As a pelvic floor clinician, you may have worked with patients who are suffering from urinary incontinence following prostatectomy. During a prostatectomy the prostate, seminal vesicles, prostatic urethra, and some connective tissues are removed. The extent of the removal will depend on the size of the tumor and if the tumor has spread into the surrounding tissues.  Because of the surgery, and the loss of smooth muscle surrounding the urethra, there is an inherent risk that these patients will suffer from urinary incontinence. Recently, there have been studies that examined the difference between patients who return to continence and those who do not return to continence following prostatectomy. They found that continent prostatectomy men demonstrated increased displacement of the striated urethral sphincter, bulbocavernosus, and puborectalis compared to incontinent men. They also found that continent prostatectomy patients demonstrated better puborectalis and bulbocavernosus function than controls! (1) This has made researchers conclude that continent men following prostatectomy compensate for the loss of smooth muscle by having better than normal function in their pelvic floor.

In another recent article, researchers put together recommendations for a rehabilitation program. They argue that traditional methods that have been used in pelvic floor therapy are based on applied principles for stress incontinence in women, not men. Men suffer from incontinence for a different reason than women. Thus, their treatment should be approached differently as well.  Additionally, the authors state that examining the pelvic floor muscles via a digital rectal exam does not allow the examiner to assess the underlying issue that leads to incontinence in men, the striated urethral sphincter. Instead, a digital rectal exam identifies issues in the external anal sphincter and puborectalis. They highly recommend the use of transperineal ultrasound imaging in order to view the contraction of the pelvic floor and confirm where the contraction is originating from. They also highly recommend the use of ultrasound in treatment for the use of motor re-learning(2).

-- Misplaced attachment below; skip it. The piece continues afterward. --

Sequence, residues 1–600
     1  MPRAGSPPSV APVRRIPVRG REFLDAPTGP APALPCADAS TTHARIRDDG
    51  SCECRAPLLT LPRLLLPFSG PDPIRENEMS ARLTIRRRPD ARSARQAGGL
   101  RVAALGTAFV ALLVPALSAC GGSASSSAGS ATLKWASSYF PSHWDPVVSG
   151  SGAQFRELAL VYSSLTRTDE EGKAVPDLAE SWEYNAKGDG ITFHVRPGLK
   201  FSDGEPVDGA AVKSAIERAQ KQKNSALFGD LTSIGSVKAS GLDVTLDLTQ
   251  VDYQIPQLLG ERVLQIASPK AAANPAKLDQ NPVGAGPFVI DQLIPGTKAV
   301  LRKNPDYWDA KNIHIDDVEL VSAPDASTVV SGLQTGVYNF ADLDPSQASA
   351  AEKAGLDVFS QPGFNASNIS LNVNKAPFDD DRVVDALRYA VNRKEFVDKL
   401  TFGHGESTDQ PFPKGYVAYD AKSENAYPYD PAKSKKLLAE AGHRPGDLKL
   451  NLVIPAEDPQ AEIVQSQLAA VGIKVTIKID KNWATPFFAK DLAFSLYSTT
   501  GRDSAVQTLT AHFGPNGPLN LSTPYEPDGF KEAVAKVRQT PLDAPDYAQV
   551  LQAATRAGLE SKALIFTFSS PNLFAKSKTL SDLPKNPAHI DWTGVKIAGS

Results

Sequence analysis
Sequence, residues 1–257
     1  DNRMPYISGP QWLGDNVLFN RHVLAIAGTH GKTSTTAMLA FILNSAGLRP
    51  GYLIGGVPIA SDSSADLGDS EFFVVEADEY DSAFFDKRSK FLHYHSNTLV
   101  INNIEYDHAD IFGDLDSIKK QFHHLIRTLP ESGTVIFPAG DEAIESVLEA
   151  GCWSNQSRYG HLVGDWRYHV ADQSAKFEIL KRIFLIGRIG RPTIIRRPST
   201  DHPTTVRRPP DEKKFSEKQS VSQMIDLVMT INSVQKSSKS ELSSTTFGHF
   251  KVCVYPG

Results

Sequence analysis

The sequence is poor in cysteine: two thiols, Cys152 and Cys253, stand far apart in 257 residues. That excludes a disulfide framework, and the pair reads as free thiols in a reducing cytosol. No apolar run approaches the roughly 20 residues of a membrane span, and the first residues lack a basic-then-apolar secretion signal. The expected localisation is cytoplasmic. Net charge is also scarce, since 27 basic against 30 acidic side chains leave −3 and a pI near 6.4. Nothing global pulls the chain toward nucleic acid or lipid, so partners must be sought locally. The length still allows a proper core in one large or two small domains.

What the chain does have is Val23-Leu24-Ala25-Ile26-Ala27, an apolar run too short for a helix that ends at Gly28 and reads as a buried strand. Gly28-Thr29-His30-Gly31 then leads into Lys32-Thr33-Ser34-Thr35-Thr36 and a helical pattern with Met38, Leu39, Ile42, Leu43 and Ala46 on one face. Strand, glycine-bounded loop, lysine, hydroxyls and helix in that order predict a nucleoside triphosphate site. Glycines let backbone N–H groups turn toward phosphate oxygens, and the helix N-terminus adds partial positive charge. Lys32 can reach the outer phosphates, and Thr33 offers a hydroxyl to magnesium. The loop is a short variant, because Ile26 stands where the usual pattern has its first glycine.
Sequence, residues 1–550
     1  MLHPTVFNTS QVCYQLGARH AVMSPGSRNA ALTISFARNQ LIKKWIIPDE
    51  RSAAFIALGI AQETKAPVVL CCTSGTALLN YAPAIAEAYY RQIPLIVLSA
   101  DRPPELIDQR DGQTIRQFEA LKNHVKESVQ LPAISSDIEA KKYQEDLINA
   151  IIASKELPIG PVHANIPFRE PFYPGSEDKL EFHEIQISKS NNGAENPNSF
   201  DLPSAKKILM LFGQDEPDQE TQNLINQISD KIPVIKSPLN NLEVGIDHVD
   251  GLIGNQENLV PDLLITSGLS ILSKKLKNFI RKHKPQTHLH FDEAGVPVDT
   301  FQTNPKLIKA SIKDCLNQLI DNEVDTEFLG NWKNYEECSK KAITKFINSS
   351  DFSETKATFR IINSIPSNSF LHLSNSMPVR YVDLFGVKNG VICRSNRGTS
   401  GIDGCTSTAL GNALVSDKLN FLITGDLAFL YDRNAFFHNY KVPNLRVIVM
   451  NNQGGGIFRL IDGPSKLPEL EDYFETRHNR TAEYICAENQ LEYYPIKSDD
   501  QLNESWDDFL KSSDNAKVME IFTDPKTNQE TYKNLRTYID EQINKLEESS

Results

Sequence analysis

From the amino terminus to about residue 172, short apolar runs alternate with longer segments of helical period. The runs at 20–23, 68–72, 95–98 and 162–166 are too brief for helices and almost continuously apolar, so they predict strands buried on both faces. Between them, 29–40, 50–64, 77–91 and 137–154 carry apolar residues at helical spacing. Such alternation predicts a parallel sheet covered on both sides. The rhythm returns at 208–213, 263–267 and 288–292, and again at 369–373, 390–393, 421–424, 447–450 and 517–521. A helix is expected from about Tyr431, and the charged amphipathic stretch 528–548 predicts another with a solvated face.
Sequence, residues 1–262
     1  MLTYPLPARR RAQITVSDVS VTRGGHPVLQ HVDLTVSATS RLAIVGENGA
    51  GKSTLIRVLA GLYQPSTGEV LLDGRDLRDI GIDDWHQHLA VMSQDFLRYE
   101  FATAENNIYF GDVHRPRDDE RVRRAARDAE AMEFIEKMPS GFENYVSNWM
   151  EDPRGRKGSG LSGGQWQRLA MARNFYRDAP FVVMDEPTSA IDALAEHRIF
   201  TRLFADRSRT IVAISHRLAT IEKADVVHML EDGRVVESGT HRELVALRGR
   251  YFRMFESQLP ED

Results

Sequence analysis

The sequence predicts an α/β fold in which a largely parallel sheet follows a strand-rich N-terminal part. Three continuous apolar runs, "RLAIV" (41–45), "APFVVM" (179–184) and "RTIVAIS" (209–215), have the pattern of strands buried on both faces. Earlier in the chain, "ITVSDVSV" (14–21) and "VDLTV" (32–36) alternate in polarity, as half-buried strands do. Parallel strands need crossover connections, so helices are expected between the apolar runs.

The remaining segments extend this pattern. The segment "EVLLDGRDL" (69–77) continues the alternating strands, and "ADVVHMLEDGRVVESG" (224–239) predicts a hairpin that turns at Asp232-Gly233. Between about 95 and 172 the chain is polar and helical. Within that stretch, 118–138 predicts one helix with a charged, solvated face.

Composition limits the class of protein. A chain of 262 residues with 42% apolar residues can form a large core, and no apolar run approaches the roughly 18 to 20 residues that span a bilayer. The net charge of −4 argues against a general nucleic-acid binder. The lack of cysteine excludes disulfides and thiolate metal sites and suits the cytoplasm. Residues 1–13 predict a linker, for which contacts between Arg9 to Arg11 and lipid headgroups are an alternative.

We will discuss this more in-depth as well as learn how to use ultrasound imaging to help both male and female patients suffering from incontinence. We also will be learning how to use ultrasound imaging to address orthopedic conditions such as back pain, sacroiliac joint pain, and diastasis rectus. The course “Rehabilitative Ultrasound Imaging for the Pelvic Girdle” is now being offered with satellite locations as well as a limited number of self-hosted online groups and is scheduled for November 12-14, 2021. There are two courses being offered. The 2-day version, Rehabilitative Ultrasound Imaging - Orthopedic Topicsaddresses the use of ultrasound imaging to help back and lumbopelvic conditions. While the 3-day course, Rehabilitative Ultrasound Imaging: Women's Health and Orthopedic Topics, includes more pelvic floor related conditions such as prolapse and post-prostatectomy issues. The course includes ample lab time so participants leave with the clinical skills to be able to use ultrasound imaging in their practice.

 


 

  1. Stafford R.E., Couglin G., Hodges P. Comparison of dynamic features of pelvic floor muscle contraction between men with and without incontinence after prostatectomy and men with no history of prostate cancer. Neurourology and Urodynamics. 2020; 39:170-180.
  2. Hodges, PW., Stafford RE, Hall L., et al. (2020). Consideration of pelvic floor muscle training to prevent and treat incontinence after radical prostatectomy.  Urologic Oncology: Seminars and Original Investigations.  38: 354-371